Shed antler hunting is a great hobby that gets families out into Nevada’s vast expanses during late winter and early spring, but those who wish to hunt sheds have a duty to do it responsibly and legally, in order to minimize stress on winter-weakened wildlife and avoid impacts on habitat.

Some people might not realize that elk and mule deer shed their antlers in the winter months, and many members of the sporting and non-sporting public alike, head out to the winter ranges where animals concentrate to collect shed antlers for a wide variety of uses. Prior to this winter, it had been several years since Nevada’s wildlife had experienced extreme winter conditions, and this year’s badly needed precipitation has come at a price. Animals are more vulnerable to stress than they have been in several years due to the increased energy expenditures associated with staying warm, moving through deep snow and searching for food.

“Wildlife is stressed across Nevada, particularly in the winter range,” said Chief Game Warden Tyler Turnipseed. “It’s critical that shed hunters, hikers and anyone encountering wildlife give them plenty of space. Harassing wildlife is a crime.”                       In extreme cases, people use motorized vehicles or other means to pursue deer and elk, hoping the act of chasing them will cause their antlers to drop off. It’s a crime to harass wildlife that carries an array of fines and penalties, including suspension of all hunting, fishing and trapping license privileges. Motor vehicles can also cause severe damage to winter range habitat, particularly when off road motorists make multiple tracks crisscrossing the range.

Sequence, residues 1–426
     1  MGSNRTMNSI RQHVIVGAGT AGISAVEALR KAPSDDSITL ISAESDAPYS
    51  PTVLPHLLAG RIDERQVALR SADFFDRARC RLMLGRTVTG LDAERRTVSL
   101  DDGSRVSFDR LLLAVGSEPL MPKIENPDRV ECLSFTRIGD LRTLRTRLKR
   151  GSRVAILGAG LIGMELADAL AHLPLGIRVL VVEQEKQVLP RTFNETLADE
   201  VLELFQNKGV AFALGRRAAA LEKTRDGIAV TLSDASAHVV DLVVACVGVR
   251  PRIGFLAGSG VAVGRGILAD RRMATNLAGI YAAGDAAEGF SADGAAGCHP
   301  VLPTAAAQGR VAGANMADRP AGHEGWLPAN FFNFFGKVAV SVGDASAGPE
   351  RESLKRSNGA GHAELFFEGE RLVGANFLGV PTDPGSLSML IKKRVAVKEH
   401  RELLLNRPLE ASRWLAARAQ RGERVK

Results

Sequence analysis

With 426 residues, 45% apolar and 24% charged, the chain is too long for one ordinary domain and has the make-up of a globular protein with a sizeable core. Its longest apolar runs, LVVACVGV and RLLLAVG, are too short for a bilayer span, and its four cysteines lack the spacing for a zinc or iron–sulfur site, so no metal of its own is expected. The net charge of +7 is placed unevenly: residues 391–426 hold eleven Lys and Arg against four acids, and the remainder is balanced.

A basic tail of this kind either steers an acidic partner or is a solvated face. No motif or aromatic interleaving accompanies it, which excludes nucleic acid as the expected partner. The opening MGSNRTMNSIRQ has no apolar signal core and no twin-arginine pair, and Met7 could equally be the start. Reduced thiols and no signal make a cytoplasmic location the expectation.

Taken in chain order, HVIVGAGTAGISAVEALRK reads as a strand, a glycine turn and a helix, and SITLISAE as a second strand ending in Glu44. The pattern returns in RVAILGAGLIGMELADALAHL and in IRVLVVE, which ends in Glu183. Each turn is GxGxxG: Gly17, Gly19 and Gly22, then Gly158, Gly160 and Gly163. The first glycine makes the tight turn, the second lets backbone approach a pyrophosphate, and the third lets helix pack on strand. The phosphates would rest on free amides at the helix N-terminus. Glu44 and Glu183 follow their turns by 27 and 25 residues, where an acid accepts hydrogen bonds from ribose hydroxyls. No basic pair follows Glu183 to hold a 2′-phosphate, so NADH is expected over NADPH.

“Shed hunting is a lot of fun, and if people do it carefully and on foot, it can have little to no impact on wildlife and habitat,” said Turnipseed. “Every year we hear of instances of improper shed collecting, and in a year like this, responsible shed hunting can make a difference for many winter-stressed animals.”             The state of Utah has enacted an emergency statewide closure on shed collecting from Feb. 3 – March 31, creating concerns that many Utah residents may come to Nevada to collect sheds. More people can increase stress to an already delicate situation according to Turnipseed. Game wardens will be patrolling the range to make sure shed hunters follow the law.

To report wildlife crime, sportsmen and members of the public can call OGT at (800) 992-3030. Follow Turnipseed on Twitter for the most up to date information on investigations @Chief_GW_NV. The Nevada Department of Wildlife (NDOW) protects, restores and manages fish and wildlife, and promotes fishing, hunting, and boating safety. NDOW’s wildlife and habitat conservation efforts are primarily funded by sportsmen’s license and conservation fees and a federal surcharge on hunting and fishing gear. Support wildlife and habitat conservation in Nevada by purchasing a hunting, fishing, or combination license. Find us on Facebook, Twitter or visit us at www.ndow.org.